Princess Nokia Triumphs In Turmoil On Her Emo-Inspired ‘A Girl Cried Red’ Mixtape

04.13.18 6 months ago

Rough Trade Records

The prevalence of emo in rap has been one of hip-hop’s most intriguing developments. Rappers have always explored their emotion, but rarely has hip-hop accepted artists who forfeit the mirage of machismo to openly wade in their bleak outlooks on the world.

Lil Peep and Lil Uzi Vert are some of the prominent young artists who have markedly fused the emo alternative rock scene with hip-hop. Peep died tragically of an overdose in 2017. Even without his physical presence, the lane he helped carve out is intact and has most recently been explored by the ever-versatile Princess Nokia on A Girl Cried Red.

Princess Nokia, born Destiny Fraqsueri and formerly known as Wavy Spice, is a master of dynamism. As a child of the internet age, she’s able to mirror her influences and seemingly morph into myriad artistic movements, whether it’s 70s-inspired funk on Honeysuckle or futuristic electronic on Metallic Butterfly. The constant efficacy of the projects hints that she’s not merely inspired, but adept at accentuating different aspects of her temperament through a variety of genres.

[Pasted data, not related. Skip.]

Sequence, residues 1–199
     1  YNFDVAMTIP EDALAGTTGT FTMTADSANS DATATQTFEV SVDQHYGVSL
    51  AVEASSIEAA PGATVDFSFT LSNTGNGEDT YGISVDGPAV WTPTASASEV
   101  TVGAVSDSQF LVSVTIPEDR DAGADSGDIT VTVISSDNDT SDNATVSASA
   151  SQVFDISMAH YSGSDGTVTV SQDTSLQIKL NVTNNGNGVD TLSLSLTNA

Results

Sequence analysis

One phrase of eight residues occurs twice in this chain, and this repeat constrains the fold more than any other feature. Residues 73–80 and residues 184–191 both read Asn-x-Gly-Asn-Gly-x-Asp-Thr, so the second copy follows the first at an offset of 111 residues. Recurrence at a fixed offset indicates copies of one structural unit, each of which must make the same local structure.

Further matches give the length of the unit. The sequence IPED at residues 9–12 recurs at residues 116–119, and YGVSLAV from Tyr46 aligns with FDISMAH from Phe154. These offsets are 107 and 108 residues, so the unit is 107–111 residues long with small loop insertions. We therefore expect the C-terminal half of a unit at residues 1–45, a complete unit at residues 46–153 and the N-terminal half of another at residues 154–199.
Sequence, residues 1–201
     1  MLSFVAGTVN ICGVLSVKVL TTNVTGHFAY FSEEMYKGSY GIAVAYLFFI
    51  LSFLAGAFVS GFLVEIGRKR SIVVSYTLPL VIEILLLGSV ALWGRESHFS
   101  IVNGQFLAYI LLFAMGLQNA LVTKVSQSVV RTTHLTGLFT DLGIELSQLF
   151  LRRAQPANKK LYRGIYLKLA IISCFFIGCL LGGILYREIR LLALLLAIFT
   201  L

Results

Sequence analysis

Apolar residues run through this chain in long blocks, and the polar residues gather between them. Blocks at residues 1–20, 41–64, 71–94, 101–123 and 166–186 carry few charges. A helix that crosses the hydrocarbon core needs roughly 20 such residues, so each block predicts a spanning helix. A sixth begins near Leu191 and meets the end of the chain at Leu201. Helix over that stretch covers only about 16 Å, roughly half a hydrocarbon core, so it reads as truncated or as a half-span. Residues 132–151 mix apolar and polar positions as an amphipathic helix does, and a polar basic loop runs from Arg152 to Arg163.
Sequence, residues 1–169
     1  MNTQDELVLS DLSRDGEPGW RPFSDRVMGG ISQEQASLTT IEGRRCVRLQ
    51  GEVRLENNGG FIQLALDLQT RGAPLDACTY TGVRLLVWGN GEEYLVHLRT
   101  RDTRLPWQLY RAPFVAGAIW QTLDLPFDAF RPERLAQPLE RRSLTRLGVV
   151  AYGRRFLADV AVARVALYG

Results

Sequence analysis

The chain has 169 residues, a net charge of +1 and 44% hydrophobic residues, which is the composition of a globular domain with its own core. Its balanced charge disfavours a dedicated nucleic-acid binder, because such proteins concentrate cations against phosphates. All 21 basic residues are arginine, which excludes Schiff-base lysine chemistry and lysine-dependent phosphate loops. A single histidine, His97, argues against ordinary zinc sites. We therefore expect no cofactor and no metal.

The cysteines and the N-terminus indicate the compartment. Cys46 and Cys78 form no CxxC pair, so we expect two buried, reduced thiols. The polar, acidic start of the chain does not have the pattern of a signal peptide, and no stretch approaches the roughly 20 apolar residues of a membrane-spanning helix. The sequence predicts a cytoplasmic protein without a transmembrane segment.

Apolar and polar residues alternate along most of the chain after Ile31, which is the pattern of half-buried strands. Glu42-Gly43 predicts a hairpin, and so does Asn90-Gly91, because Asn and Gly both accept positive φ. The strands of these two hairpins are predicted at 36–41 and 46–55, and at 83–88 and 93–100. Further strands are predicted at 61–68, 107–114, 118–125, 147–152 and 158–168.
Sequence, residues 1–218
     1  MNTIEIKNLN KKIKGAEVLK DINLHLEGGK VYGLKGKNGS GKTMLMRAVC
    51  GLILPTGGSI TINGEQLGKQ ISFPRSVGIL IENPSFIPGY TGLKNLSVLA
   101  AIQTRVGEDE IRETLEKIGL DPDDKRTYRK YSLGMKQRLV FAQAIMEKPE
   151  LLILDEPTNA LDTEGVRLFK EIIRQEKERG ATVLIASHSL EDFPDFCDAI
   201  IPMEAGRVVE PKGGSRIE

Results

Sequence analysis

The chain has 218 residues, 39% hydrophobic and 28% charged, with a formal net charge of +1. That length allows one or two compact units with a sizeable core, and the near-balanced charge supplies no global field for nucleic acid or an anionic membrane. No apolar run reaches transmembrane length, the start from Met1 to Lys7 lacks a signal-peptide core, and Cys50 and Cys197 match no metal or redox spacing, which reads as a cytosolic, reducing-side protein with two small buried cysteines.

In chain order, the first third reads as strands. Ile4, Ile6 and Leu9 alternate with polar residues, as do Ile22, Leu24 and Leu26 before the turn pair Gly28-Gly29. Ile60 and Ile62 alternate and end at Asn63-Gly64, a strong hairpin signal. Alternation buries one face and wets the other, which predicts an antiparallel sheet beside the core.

She succeeds at doing that again on A Girl Cried Red, a moody 8-track mixtape that truly does the project’s Slipknot shirt-clad cover art justice. The mixtape doesn’t solely exist in gloomy soundscapes, presenting a sonic balance. There’s upbeat production such as “Flowers And Rope” and “Look Up Kid” being pulled back down to earth by the pensive gravitas of “Little Angel” and “Your Eyes Are Bleeding.”

One of the more noteworthy aspects of the project is a folksy twang that Nokia employs at junctures of the project, most notably during “Look Up Kid” and pieces of “For The Night.” The tonal flourish is a polarizing creative choice that should work for most fans of alternative rock but doesn’t resonate as well as her unencumbered crooning on, for instance, album standout “Your Eyes Are Bleeding.”

When her lithe voice stretches lament across the track’s wistful piano chops and thumping 808s – or “Little Angel’s” sanguine acoustics – it better radiates the corrupted innocence that’s at the heart of the youth-centered emo scene. Similarly impressive is her harmonious rhyming on tracks like “At The Top” and “Morphine” that showcase the perfect possibilities of fusing swaggering trap and emo sonics.

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